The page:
Any former little girls who felt that their brothers or the boys in class got far more attention when they reported being in pain will feel vindicated (and annoyed) by the findings of a new study. Conducted at Yale University, the study found that adults are more likely to believe boys’ expression of pain than girls’. Here are the details, and the potential repercussions.

Doctor and little girl patient

What the study found

Published in the Journal of Pediatric Psychology in January 2019, this study is a repeat of another study that was published in 2014. In both, researchers showed a group of adults an identical video of a child receiving a finger stick blood test. Half the adults were told the child was a boy, and the other half were told the child was a girl. They were all asked to rate how much pain the child was in, and how far they agreed with certain stereotypes about the levels to which girls and boys experience pain. Adults who believed they were watching a boy rated him as being in more pain than adults who thought the subject was a girl — even though they were watching the same video. When the researchers took into account the self-admitted gender stereotypes, the effect vanished, which suggests it was these stereotypes that caused their responses.

“The findings of this study are fascinating but not necessarily surprising,” says Cordelia Carter, MD, director of the Pediatric Sports Medicine Center at Hassenfeld Children’s Hospital at NYU Langone, who has researched how sex and gender affect health outcomes for young athletes. “I think that how children are taught to act — and how we as adults expect them to act — based upon their perceived gender has far-reaching implications for how we diagnose and manage pain.”

What are the repercussions?

Unfortunately, this bias against women doesn’t end with childhood. “This type of treatment most definitely continues into adulthood,” asserts Talin Evazyan, MD, clinical assistant professor of anesthesiology at the Keck School of Medicine of the University of Southern California, who primarily treats women, particularly those with undiagnosed pelvic pain. “I see a lot of women in my practice who have had pelvic pain and headaches that have gone untreated and undiagnosed for many years because doctors assumed these were a normal experience of the female development, when in fact pain almost always has an organic source and root cause that can be managed or treated. A lot of ‘’female’ diseases are much less represented in the research community, and historically there has been less funding for disease processes that mostly affect females.”

Speaking of people who are left out of research, it’s worth noting that this study focuses on cisgender children identified specifically as male or female: Transgender and non-binary kids face biases that aren’t even being looked at. “There is a real dearth of data on transgender and non-binary children, and we are still figuring out best practices for taking care of this population of patients,” Dr. Carter explains. “I have not personally seen differences in care provided in this setting, but the real challenge is that there aren’t large numbers of children to study. This is likely the subject of active and ongoing research, but I am not aware of existing data on differences in care provided for this population.”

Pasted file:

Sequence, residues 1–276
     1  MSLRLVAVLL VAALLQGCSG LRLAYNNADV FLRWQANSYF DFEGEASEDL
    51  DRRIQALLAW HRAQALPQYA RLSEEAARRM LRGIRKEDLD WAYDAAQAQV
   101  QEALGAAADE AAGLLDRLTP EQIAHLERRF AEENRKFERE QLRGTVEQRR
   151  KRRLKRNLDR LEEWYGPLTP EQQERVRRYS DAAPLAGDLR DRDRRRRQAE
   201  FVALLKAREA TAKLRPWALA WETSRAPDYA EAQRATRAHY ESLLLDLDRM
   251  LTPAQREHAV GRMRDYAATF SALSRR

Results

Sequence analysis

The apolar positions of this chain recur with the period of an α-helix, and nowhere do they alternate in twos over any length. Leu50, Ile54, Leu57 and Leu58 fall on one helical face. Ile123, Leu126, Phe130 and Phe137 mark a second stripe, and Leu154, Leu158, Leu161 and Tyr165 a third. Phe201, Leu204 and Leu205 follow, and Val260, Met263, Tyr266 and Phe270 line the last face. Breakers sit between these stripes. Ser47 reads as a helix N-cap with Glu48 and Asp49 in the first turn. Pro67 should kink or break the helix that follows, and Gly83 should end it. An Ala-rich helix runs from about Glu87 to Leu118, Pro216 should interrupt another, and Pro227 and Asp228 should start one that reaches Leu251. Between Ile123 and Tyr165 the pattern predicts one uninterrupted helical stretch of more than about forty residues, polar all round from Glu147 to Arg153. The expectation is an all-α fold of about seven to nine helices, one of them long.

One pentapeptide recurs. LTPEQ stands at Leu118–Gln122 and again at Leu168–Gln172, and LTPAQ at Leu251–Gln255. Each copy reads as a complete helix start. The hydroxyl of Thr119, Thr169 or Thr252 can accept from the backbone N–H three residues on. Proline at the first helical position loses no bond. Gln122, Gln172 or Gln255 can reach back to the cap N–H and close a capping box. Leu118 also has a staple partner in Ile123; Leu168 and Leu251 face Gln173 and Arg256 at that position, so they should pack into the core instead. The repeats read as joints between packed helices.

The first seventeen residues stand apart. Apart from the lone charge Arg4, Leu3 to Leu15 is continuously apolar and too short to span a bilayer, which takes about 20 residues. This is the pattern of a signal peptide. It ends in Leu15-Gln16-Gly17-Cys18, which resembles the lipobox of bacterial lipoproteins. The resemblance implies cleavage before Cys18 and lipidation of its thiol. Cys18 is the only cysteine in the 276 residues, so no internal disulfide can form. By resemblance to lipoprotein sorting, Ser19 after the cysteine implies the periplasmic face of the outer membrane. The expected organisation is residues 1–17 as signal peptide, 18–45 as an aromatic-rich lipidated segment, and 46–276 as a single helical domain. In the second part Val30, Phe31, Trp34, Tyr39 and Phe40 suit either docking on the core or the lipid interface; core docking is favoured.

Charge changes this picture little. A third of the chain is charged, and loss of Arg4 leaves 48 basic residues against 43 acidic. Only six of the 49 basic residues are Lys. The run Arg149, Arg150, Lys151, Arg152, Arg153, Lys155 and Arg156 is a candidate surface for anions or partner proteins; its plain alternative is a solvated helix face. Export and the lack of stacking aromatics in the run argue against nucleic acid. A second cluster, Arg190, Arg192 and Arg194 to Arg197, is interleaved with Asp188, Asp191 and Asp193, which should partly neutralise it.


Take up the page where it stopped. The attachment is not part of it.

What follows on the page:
What happens next?

While the results aren’t exactly good news, Dr. Carter says that the fact these two studies happened in the first place shows that researchers are starting to pay more attention to gender disparities in pain treatments. “Seeing more and more studies that critically evaluate gender and sex differences tells me we are getting closer to improving care for all children,” she enthuses. That said, she thinks there is some way to go. ”This is still the beginning of the discussion. The more data we have that demonstrate sex- and gender-based differences in medicine, the easier it will be to marshal a strong argument for physicians to understand that an individual child’s gender may play a role in how he or she is treated, and that the optimal treatment might be different depending on his or her gender.”

Dr. Evazyan echoes this cautious optimism, adding, “Culture takes a long time to catch up to bias.” In terms of the medical community specifically, she says, “Empathy for all is implicit in the altruistic goals of the physician in training.” Doctors sometimes need to consider a person’s sex or gender when looking for the best way to treat them — but empathy should always be a part of treatment. However, she also acknowledges that, “As far as looking inward to our own bias in training, I would say the medical community could do a better job of discussing this and how it affects patient care.”

In the meantime, there are tools everyone can use to check their biases. “There is a terrific website called Project Implicit [run by Harvard University] that allows any individual to evaluate his or her implicit bias about all sorts of different patient or person-specific factors, including sex and gender,” Dr. Carter recommends. And in medicine, in particular, she says, “Many medical societies have committees dedicated to educating their members about the importance of diversity and understanding and addressing implicit biases because we know that this will allow us to take better care of our patients.” We’re not exactly happy to hear that girls really are believed less than boys when it comes to something as important as pain, but having studies explicitly identify cases of discrimination will hopefully make people within and outside the medical community more aware of how their perception of other people’s genders might affect the way they treat them.

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(Photo via Getty)